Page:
Apparently it's national baking week this week - who new, and where do these things even come from? It does seem like a good excuse for a cake though, or possibly even a whole afternoon tea - something formal feels quite appropriate for Autumn (says she whilst dressed in pyjamas and huge cardigan) and it's certainly cold and damp enough to make a prolonged kitchen session very attractive. It may also be that Arabella Boxer has been having a civilising influence on me; something has certainly inspired a bit of a sort out.
This is another book that's beautiful to look at, the cover and illustrations are by Cressida Bell and she's bought a suitably Bloomsbury feel with her. Her black and white prints decorate the first page of every chapter (they really are charming) and that's it for illustration - which makes a refreshing change; I like to see pictures that show what I'm cooking will ideally look like, but from the days when cookbooks commonly had no pictures we've somehow ended up with books that are more image than substance.
'Arabella Boxer's Book of English Food' is all substance - like a very rich fruit cake. Originally published in 1991 this book has had a timely re-release, my general taste in fiction runs towards mid century, middle class, middle brow, and frequently feminine - this is the perfect compliment to all of those things. Arabella Boxer's early life was spent in a Scottish country house where her American mother had been rather thrown in at the deep end in the 1920's. Post war that country house lifestyle all but vanished from Britain, and 15 years of rationing certainly didn't help make food exciting so it's not surprising that Elizabeth David's Mediterranean descriptions caught the imagination. Boxer argues (and I agree) that this didn't necessarily do us many favours.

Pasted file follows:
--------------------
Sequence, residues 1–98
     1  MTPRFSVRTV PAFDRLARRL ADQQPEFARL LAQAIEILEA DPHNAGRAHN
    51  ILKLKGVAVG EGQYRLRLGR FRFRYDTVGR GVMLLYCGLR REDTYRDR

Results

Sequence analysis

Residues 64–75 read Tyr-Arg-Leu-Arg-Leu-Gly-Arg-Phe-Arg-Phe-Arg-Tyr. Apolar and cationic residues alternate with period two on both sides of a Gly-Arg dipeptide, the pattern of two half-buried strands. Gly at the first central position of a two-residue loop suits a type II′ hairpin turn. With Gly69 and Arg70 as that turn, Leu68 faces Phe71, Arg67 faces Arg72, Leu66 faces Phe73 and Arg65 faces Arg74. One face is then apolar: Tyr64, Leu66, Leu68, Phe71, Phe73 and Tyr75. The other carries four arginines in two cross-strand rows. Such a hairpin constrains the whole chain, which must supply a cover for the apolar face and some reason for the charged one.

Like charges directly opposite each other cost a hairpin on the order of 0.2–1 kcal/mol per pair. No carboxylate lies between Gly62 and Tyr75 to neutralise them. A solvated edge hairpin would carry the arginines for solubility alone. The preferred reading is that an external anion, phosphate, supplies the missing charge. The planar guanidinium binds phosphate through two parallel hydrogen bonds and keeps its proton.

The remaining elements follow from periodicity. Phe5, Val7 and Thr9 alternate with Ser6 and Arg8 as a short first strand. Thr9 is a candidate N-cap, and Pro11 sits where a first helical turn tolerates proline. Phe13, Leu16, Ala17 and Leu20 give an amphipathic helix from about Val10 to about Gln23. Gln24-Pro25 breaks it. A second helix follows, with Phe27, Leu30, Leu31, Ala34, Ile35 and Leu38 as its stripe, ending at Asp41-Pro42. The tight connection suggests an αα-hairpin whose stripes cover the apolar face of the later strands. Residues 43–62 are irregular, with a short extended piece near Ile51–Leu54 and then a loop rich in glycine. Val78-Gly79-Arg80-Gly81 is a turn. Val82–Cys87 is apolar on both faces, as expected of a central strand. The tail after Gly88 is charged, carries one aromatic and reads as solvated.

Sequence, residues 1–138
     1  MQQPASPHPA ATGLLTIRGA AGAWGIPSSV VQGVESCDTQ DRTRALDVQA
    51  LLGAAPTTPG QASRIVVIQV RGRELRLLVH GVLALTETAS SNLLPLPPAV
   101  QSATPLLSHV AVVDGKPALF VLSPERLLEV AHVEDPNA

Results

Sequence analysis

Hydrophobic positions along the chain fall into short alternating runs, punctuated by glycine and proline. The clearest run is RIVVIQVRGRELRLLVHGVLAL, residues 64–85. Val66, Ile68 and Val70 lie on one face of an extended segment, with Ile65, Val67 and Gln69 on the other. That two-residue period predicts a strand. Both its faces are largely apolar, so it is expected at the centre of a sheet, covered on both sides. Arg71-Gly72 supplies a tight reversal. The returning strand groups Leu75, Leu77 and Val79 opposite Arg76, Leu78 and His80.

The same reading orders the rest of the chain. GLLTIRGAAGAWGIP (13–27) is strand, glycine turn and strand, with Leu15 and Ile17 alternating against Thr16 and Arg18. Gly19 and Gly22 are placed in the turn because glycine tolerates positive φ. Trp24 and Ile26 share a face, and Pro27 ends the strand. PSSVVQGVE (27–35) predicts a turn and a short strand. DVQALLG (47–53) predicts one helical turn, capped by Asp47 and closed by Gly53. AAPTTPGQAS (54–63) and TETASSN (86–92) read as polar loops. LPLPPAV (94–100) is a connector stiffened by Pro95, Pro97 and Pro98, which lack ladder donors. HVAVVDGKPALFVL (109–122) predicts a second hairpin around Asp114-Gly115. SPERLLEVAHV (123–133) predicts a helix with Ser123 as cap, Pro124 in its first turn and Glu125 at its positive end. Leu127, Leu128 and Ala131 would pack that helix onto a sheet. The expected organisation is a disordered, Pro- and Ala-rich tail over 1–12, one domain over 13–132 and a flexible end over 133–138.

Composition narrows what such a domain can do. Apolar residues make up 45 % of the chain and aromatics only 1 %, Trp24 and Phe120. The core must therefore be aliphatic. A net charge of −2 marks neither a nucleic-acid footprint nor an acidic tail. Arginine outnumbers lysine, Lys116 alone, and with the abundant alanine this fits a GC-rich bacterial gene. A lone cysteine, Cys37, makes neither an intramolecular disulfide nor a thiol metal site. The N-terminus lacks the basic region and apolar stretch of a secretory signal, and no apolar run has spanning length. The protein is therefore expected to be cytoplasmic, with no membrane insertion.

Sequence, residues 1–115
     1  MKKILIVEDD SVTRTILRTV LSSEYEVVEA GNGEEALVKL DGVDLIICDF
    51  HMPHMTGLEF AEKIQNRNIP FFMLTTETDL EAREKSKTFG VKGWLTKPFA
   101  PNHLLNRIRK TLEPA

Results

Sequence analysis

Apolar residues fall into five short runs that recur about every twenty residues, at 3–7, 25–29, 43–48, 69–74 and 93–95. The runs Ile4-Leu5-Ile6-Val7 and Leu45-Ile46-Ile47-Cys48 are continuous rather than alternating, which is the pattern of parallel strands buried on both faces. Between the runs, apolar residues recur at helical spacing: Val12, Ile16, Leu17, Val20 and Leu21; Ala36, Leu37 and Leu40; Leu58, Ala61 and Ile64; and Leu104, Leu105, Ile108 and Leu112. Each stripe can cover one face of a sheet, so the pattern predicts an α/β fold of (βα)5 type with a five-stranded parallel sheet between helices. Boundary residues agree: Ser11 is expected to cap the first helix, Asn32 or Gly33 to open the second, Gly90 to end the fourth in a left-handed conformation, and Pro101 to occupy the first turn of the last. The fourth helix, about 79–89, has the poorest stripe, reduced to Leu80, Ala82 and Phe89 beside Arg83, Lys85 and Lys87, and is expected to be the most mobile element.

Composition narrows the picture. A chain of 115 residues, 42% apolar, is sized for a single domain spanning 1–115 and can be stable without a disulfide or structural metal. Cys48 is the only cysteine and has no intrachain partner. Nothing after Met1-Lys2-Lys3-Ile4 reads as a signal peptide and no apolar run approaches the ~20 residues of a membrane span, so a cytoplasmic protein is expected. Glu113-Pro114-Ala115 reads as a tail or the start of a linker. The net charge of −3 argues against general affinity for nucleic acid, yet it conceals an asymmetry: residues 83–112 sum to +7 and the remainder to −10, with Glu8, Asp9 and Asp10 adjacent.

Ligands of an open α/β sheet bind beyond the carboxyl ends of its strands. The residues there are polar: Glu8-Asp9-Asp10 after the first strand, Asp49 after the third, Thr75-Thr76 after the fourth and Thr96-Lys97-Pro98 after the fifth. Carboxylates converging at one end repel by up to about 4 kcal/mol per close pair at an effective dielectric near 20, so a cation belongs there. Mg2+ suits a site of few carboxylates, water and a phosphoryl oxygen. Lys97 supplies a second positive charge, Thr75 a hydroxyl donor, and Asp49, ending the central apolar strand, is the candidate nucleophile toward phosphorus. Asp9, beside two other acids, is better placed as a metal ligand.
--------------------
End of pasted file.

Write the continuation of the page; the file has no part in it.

What she does in 'English Food' is look at what was going in with food in fashionable circles between the wars. The emphasis tends towards what was being eaten in fairly sophisticated circles, be they social or artistic - generally because these were the people with the interest or means to experiment. In Bloomsbury this might have been because there wasn't enough money to afford a cook so you had to learn to cook instead. At the top of the scale there is Wallis Simpson introducing American habits to British food - but habits which had their roots in a shared culinary past.
It's fascinating, whether I use the recipes for afternoon tea in here or not, the understanding of what this and other meals were all about is invaluable. There are plenty of gossipy anecdotes from Mitfordesque circles which never go amiss, but lightly as it's handled this is a serious book with lots to say. The recipes themselves are a mix of Boxer's own and those culled from contemporary sources, something I particularly like is that she adds her comments and amendments to these in brackets and italics which lets the reader know when something has been amended. This suggests that the recipes have all been checked and used which is reassuring, and from a purely academic point of view it's good to know precisely what is and isn't original.
I'm really delighted with this book, it helps me bring another layer of understanding to many of the books I read which I appreciate, but primarily it's a fascinating and useful thing in itself. For anyone with a love of Persephone books, Virago's modern classics, or similar, you really need this on your shelf.